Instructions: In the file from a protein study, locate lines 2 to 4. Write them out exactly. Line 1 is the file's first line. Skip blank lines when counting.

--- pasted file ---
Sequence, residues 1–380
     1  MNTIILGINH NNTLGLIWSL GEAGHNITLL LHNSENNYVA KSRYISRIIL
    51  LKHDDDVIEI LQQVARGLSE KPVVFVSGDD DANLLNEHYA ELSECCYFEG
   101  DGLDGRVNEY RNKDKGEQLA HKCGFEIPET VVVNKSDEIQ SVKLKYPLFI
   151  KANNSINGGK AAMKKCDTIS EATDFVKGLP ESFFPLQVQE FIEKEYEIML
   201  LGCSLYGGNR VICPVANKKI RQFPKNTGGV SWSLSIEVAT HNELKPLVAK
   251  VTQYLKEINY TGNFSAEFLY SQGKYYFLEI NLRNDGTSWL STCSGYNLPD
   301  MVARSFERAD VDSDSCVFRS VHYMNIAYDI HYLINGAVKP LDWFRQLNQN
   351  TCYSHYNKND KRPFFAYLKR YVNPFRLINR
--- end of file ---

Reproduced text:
     1  MNTIILGINH NNTLGLIWSL GEAGHNITLL LHNSENNYVA KSRYISRIIL
    51  LKHDDDVIEI LQQVARGLSE KPVVFVSGDD DANLLNEHYA ELSECCYFEG
   101  DGLDGRVNEY RNKDKGEQLA HKCGFEIPET VVVNKSDEIQ SVKLKYPLFI